I’ve never been a utopian when it comes to politics. I’ve always known heaven won’t be created on earth. Yet, along with that realization, I’ve maintained a commitment to instilling Biblical values into politics as much as possible. When government follows policies based on Biblical principles, I believe we get closer to the ideal, regardless of the pervasive sinfulness of men.

This past political season was a jolt to my hopes. Faced for the first time with two candidates for president who never should be allowed close to the Oval Office, I had to go another route with my vote. My conscience constrained me.

What bothered me most was what I consider a nearly wholesale abandonment of principle by those who call themselves conservatives, and even worse, those who are my fellow Christian believers who ultimately decided that principles no longer mattered in this situation.

Note: this is not an indictment of many who struggled with their consciences and voted for Trump because they couldn’t imagine the alternative. My concern is with those who have become unapologetic apologists for a man regardless of what he says or does.

Yesterday, I read a column by Erick Erickson that echoed what I’ve been feeling. I’m going to share some of his pertinent comments and intersperse mine. Erickson feels betrayed by politics and by those he thought were his spiritual/intellectual companions. He says that, although he’s always been a Republican, he no longer has a home in that party.

I understand how he feels.

On the right, a party that used to be centered around the idea of smaller government and individual empowerment is instead captured by its own personality that centers around a strong man in Washington and whatever he wants.

I have argued for a constitutional understanding of government for more than thirty years. I thought Republicans, on the whole, agreed with that perspective. Instead, I’m seeing far less concern for that now that “we” have a supposedly strong man in power.

Erickson then addresses the Christian community that has sought, like I have, to return Biblical principles into our governing (especially after the ill effects of the Obama tenure):

Christians are supposed to find some peace in the world by knowing that there is a last day and they are on the winning team. But right now a bunch of American Christians are looking to political solutions for spiritual problems and convincing themselves they’re making a Heaven on earth. . . .

So many people going to church on Sunday looked at Trump and called him a Cyrus, but increasingly this looks like a Maccabean revolt. Sure, they threw out those they saw as pagans and set about purifying temple America, but things did not exactly go well for the people or the kingdom thereafter.

Of course it was all downhill to Herod and the first coming, so maybe it’ll all be downhill from here to the second coming. That increasingly looks likely as the world goes mad, this country included.

Hyperbole? Not from where I’m sitting. That’s my perception also.

He then switches to what he would like to see in politics; I’ll share a few of his dreams:

I want a new party, and a conservative one where conservatism is not defined by beating the other side, but by pursuing the best policies.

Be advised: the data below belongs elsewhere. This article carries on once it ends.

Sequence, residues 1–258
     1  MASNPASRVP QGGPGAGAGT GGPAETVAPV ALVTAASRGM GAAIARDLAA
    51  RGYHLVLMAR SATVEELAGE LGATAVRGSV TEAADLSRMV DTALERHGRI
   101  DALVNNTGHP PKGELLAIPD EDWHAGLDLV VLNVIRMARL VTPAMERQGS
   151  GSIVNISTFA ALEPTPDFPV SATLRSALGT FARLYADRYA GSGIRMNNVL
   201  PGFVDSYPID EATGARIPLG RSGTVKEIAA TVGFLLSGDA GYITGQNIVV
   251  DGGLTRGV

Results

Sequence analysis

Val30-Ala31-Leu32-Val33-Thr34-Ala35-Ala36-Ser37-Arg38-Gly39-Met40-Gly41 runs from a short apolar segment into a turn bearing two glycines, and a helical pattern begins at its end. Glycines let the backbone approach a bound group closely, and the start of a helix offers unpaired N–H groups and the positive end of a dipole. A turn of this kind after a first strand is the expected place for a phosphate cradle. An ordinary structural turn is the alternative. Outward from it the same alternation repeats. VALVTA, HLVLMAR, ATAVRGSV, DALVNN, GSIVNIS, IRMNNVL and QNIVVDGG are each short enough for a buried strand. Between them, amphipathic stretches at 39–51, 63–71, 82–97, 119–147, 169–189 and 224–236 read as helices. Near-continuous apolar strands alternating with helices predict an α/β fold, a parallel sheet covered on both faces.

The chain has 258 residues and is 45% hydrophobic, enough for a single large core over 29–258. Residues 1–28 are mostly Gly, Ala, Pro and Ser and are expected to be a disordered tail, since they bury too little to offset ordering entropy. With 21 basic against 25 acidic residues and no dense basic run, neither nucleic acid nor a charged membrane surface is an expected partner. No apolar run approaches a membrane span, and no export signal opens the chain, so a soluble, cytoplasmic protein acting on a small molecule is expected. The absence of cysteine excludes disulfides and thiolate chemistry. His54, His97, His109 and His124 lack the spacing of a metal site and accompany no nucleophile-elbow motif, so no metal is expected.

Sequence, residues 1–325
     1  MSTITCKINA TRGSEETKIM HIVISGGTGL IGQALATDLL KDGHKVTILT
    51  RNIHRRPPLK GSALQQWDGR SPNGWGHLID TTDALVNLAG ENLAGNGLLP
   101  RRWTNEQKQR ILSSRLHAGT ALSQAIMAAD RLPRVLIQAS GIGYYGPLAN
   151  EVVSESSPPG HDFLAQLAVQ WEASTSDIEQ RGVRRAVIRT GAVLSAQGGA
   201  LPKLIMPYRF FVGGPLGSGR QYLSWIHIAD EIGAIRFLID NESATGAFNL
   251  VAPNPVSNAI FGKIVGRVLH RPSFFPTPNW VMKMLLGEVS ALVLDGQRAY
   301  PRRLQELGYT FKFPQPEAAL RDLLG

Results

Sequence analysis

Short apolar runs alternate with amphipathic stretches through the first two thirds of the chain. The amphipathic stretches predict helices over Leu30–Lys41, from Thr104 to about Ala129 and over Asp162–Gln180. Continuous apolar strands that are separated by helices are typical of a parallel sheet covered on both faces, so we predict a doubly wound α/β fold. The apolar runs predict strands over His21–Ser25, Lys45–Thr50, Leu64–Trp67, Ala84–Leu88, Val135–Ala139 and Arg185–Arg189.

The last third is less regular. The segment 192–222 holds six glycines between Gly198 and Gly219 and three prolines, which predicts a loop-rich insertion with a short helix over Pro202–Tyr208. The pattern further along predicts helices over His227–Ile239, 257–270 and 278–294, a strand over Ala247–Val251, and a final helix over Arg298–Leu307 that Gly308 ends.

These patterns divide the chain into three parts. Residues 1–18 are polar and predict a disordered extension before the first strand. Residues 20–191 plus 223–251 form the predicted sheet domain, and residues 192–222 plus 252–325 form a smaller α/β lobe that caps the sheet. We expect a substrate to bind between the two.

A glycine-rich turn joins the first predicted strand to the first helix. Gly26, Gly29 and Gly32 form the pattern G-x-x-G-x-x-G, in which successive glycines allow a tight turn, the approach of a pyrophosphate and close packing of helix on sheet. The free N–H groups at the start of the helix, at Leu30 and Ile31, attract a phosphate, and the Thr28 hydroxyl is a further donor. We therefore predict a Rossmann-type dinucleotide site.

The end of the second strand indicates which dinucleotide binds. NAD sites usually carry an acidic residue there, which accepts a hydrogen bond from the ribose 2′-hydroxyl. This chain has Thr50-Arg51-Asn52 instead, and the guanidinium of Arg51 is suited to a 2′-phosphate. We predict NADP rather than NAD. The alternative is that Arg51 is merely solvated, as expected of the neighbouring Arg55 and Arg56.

I want a party that is pro-family and structures the tax code accordingly and fights for school choice so parents can get their kids educated instead of indoctrinated.

I want a party that is pro-life and that does not run from the Bible.

I want a party that does not define people by the color of their skin or where their families came from, but sees us all as part of the American experiment.

And I want a party that is beholden to ideas, not men.

I will add my “amen” to all of that. And with Erickson, I can also say that I, at one time, thought that existed. Now I’m not so sure. You see, I’ve not changed, but my party has. Ronald Reagan used to say that he hadn’t changed, but that the Democrat party he had always been a part of was the one that moved away from his beliefs.

What happened to a conservatism that was based on ideas, not nationalism? Caring for one’s nation is good, but there is a line that can be crossed. When does one’s devotion to the nation become a substitute for devotion to God?

Here’s one more short paragraph from Erickson’s piece that resonates with me:

To the extent that I have changed, though, I think I have changed for the better. I have a harder time reconciling my faith to my politics and see so many of my friends trying to squeeze their faith into their politics. I would rather go the opposite way and connect my politics to my faith, giving up those things that cannot be reconciled.

One of the key concepts I’ve tried to communicate to students, and to anyone else who will listen to me (I guess that’s why I write this blog) is that you start with Scripture and then make everything align with that. You never start with what others say is true and then do your best to inject Scripture into it, thereby making a false attempt to Christianize something that is not Christian at all.

I’m going to continue on the path of making God’s truth my cornerstone. I will not bow to the political gods who say I should set my Biblical principles aside for the sake of a few Supreme Court justices or some temporary victories via executive orders.

I want to look back on my decisions and not experience deep regret over my subordination of God’s ways to man’s ways. He calls us to be faithful, and that is what I intend to be.